This paradigm shift from traditional farming presents many opportunities. However, agriculture, conventional or technology-driven, is fraught with unique risks not present in many other businesses.

AgriTech - Valuation & Financial Advisory Services for Success

Thomas Pastore, ASA, CFA, CMA, MBA | CEO & Co-Founder | Sanli Pastore & Hill, Inc.

A new frontier in business holds many wonderful prospects to feed a growing world population and assist with climate change solutions. This paradigm shift from traditional farming presents many opportunities. However, agriculture, conventional or technology-driven, is fraught with unique risks not present in many other businesses. These include:

  • Unfavorable weather conditions
  • Pestilence
  • Changing soil conditions
  • Government regulations/wildlife protection
  • Commodity price competition, national and international
  • Invasive animals and vegetation

One of the main roles of science and technology is to mitigate and/or avoid these occurrences. Agritech is part and parcel of this role, providing the promise of increased output, lower cost production, and carbon-free results by employing:

  • Precision planting 
  • Bioengineering/seed technology
  • Advanced soil management
  • Carbon reducing sustainable practices, e.g., no-till farming, cover crops, and crop rotation
  • Autonomous farming: robots, AI, auto-steer technology


Translating agritech ventures into profitable businesses can be greatly bolstered by financial advisory services.  For agritech companies in various development stages, i.e, from start-up ventures to mature businesses, the financial advisory firm can provide:

  1. Projected income statements, cash flows and balance sheets
  2. Scenario and stress testing liquidity and solvency analyses
  3. Quality of Earnings ("QOE") studies for companies courting buyers
  4. Fairness opinions for mergers and acquisitions
  5. Valuation of intellectual property ("IP") and employee stock options


Projections - Avoid Reliance on Hockey Stick Approach

Oftentimes, start up and emerging growth companies will include very optimistic high revenue and cash flow projections in their business plans. In many cases there will be very little or no support for these projections. Optimism is the positive trait of entrepreneurs and is a foundation for success. However, sole inclusion of overly rosy projections, aka, “a hockey stick” in a business plan can taint potential investors’ view of its usefulness. A financial advisory firm can be of great assistance in developing projections. The firm can create a 10 to 15 page presentation providing supporting metrics, graphs, and visual displays for forecasts including:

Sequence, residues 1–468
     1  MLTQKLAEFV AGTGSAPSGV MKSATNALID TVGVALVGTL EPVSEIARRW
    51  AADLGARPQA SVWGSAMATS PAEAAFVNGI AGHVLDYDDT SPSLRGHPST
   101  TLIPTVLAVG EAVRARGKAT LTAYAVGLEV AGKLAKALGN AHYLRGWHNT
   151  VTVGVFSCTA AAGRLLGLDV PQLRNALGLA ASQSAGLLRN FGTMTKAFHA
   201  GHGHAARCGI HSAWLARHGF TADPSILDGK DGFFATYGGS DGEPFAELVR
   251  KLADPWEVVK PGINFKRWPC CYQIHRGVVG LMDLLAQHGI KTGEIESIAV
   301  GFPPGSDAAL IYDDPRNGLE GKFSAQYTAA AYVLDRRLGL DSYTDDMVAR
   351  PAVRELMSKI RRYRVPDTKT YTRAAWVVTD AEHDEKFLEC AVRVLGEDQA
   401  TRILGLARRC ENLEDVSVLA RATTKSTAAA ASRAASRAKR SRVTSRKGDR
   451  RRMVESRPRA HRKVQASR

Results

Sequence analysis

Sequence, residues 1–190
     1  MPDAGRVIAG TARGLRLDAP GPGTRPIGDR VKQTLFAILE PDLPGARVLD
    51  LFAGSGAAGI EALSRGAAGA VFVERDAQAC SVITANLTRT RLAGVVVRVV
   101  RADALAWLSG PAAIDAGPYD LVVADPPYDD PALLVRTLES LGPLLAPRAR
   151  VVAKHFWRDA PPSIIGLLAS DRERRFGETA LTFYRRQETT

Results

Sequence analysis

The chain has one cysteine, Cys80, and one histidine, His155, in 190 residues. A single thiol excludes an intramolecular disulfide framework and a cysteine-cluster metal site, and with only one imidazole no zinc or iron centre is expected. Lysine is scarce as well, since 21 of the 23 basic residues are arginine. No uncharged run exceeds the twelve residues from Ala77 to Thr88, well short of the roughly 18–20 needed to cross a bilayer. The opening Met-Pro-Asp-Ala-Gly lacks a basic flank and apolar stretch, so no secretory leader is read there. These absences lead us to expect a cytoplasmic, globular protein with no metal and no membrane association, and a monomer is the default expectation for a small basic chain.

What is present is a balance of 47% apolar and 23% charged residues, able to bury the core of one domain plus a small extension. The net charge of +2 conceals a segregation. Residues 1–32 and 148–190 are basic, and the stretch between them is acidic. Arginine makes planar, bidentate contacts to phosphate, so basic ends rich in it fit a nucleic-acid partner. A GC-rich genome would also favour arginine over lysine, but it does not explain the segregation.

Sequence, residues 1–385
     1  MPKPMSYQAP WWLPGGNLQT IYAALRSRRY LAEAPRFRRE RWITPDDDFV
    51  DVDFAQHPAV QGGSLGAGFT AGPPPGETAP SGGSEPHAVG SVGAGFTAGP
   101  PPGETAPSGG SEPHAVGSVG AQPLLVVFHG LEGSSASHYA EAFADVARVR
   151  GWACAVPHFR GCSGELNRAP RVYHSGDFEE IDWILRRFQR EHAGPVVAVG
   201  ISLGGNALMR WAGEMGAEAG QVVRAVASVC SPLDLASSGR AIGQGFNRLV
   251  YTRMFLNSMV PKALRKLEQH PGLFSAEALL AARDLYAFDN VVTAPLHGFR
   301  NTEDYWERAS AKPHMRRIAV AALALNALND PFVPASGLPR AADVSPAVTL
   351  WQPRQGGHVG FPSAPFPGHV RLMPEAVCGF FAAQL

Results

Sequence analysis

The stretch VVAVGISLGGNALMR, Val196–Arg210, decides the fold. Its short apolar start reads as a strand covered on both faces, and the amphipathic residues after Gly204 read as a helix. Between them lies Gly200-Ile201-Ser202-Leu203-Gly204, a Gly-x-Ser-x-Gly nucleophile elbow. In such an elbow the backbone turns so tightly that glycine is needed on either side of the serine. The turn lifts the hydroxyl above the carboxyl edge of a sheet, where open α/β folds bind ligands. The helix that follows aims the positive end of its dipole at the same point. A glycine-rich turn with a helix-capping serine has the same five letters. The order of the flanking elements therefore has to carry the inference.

• C – level executives’ backgrounds and successful track records experience
  • Strong and protected company IP
  • Product/services' strengths versus competitors
  • Industry forecast supports for revenue growth and profit margins
  • Demographic trends
  • Economic factors
  • The company’s market share capture for each projected year

Projected revenues, profits, and cash flows based on the above significantly enhance credibility for the reader audience.


Scenarios and Stress Tests – Reality and Contingency Plans

The financial advisory firm will develop robust confidence-building projections which include high, most likely, and low scenarios. These scenarios will contain a table showing respective scenario revenue volume and pricing, profit margins, market share capture, and any required additional investment rounds. The executive summary at the beginning of the presentation highlights the conditions resulting in each of these three scenarios.

Stress tests illustrate various circumstances in which a company may experience liquidity and solvency challenges. Reduced sales volume, rising costs, strikes, lawsuits, and increasing debt are some of the situations causing financial strain. The financial advisor will work with management to identify particular situations for the subject company and incorporate these into a downturn financial model showing the inflection points at which perilous financial conditions arise. This provides a roadmap for management to create contingency plans to deal with and overcome negative events.

Quality of Earnings (“QOE”) – Historical Accounting Profits v. Going Forward Cash Flows

In the world of mergers and acquisitions, the QOE report helps the buyer and seller understand key company operating metrics, such as QOE ratios, revenues, gross margins, cash flow, adjusted EBITDA, and working capital. It bridges the knowledge gap making both buyer and seller comfortable completing the transaction.

QOE analyses are a deep dive beyond financial statements and include:

  • QE Ratio: Net Cash Flow from Operations divided by Net Income
  • Quantify quality income and compare to non-cash accounting profits arising from policy changes, foreign exchange fluctuations, allowance and reserve estimate changes, and depreciation estimates
    Ratio > 1: higher quality earnings; ratio < 1: lower quality earnings
  • Additional Key Ratios: quick ratio; accounts receivable and inventory turnover; accounts payable days outstanding; sustainable profit margin; employee turnover